Q: I can see the mechanism of my confusion, but I do not see my way out of it.

M: The very examination of the mechanism shows the way. After all, your confusion is only in your mind, which never rebelled so far against confusion and never got to grips with it. It rebelled only against pain.

Q: So, all I can do is to stay confused?

M: Be alert. Question, observe, investigate, learn all you can about confusion, how it operates, what it does to you and others. By being clear about confusion you become clear of confusion.

Q: When I look into myself, I find my strongest desire is to create a monument, to build something which will outlast me. Even when I think of a home, wife and child, it is because it is a lasting, solid, testimony to myself.

M: Right, build yourself a monument. How do you propose to do it?

Q: It matters little what I build, as long as it is permanent.

M: Surely, you can see for yourself that nothing is permanent. All wears out, breaks down, dissolves. The very ground on which you build gives way. What can you build that will outlast all?

Q: Intellectually, verbally, I am aware that all is transient. Yet, somehow my heart wants permanency. I want to create something that lasts.

M: Then you must build it of something lasting. What have you that is lasting? Neither your body nor mind will last. You must look elsewhere.

Q: I long for permanency, but I find it nowhere.

M: Are you, yourself, not permanent?

Q: I was born, I shall die.

M: Can you truly say you were not before you were born and can you possibly say when dead: ‘Now I am no more’? You cannot say from your own experience that you are not. You can only say ‘I am’. Others too cannot tell you ‘you are not’.

Q: There is no ‘I am’ in sleep.

M: Before you make such sweeping statements, examine carefully your waking state. You will soon discover that it is full of gaps, when the mind blanks out. Notice how little you remember even when fully awake. You cannot say that you were not conscious during sleep. You just don’t remember. A gap in memory is not necessarily a gap in consciousness.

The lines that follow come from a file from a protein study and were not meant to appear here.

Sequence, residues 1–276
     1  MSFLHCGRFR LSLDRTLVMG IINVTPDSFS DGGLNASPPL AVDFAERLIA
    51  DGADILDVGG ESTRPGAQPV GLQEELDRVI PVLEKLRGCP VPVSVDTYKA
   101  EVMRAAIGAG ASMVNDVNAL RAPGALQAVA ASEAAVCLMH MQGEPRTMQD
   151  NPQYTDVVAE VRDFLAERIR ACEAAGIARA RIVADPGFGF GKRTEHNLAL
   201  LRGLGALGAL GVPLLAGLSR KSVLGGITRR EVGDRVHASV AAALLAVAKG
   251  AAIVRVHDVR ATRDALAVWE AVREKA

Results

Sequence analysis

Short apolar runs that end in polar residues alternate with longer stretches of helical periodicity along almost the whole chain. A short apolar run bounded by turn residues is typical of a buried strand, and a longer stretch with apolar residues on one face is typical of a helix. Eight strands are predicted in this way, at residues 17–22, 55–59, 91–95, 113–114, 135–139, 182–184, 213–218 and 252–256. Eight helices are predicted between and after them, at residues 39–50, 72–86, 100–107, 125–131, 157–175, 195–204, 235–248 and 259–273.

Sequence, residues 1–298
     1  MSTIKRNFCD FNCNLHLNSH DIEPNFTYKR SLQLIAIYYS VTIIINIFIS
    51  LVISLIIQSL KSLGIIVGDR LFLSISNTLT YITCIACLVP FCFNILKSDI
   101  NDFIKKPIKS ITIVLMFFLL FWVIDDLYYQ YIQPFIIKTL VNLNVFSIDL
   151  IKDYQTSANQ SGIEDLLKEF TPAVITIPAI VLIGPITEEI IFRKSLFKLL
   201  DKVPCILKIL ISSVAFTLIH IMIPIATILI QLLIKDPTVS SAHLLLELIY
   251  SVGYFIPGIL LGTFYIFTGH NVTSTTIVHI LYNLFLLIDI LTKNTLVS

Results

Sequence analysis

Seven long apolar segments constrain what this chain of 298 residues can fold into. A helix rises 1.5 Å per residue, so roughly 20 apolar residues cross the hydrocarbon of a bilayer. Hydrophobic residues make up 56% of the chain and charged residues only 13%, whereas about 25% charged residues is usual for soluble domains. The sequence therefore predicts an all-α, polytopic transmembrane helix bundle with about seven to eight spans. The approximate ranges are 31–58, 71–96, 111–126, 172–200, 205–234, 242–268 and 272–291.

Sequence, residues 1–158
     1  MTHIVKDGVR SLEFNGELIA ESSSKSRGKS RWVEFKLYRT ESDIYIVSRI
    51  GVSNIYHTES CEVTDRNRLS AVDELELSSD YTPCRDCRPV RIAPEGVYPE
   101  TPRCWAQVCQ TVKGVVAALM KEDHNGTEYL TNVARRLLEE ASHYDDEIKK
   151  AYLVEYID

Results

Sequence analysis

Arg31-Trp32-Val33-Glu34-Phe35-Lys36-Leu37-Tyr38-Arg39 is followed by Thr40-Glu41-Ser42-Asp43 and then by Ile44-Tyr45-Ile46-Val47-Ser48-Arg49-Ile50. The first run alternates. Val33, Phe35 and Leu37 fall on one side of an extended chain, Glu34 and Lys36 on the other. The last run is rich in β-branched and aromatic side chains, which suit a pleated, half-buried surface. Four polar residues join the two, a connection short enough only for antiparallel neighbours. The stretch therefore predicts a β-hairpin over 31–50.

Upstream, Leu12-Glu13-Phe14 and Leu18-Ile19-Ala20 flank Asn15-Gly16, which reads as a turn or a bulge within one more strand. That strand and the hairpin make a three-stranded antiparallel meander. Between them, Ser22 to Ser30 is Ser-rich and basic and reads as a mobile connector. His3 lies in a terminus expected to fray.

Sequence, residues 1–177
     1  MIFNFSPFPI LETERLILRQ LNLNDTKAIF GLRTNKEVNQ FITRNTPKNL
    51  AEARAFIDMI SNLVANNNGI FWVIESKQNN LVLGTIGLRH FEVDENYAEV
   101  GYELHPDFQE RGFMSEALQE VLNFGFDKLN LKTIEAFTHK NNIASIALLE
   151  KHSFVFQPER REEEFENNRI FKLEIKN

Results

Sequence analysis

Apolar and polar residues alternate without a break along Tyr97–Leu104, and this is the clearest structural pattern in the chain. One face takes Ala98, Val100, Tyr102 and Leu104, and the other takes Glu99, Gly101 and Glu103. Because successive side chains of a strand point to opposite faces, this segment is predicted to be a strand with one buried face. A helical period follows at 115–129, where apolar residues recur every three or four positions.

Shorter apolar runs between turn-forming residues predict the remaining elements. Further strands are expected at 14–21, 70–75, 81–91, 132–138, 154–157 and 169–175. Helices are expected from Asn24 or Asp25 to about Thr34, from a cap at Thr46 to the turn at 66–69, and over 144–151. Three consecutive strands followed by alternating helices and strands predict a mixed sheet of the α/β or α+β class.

Q: Can I make myself remember my state of deep sleep?

M: Of course! By eliminating the intervals of inadvertence during your waking hours you will gradually eliminate the long interval of absent-mindedness, which you call sleep. You will be aware that you are asleep.

Q: Yet, the problem of permanency, of continuity of being, is not solved.

M: Permanency is a mere idea, born of the action of time. Time again depends on memory. By permanency you mean unfailing memory through endless time. You want to eternalize the mind, which is not possible.

Q: Then what is eternal?

M: That which does not change with time. You cannot eternalize a transient thing — only the changeless is eternal.

Q: I am familiar with the general sense of what you say. I do not crave for more knowledge. All I want is peace.

M: You can have for the asking all the peace you want.

Q: I am asking.

M: You must ask with an undivided heart and live an integrated life.

Q: How?

M: Detach yourself from all that makes your mind restless. Renounce all that disturbs its peace. If you want peace, deserve it.

Q: Surely everybody deserves peace.

M: Those only deserve it, who don’t disturb it.

Q: In what way do I disturb peace?

M: By being a slave to your desires and fears.

Q: Even when they are justified?

M: Emotional reactions, born of ignorance or inadvertence, are never justified. Seek a clear mind and a clean heart. All you need is to keep quietly alert, enquiring into the real nature of yourself. This is the only way to peace.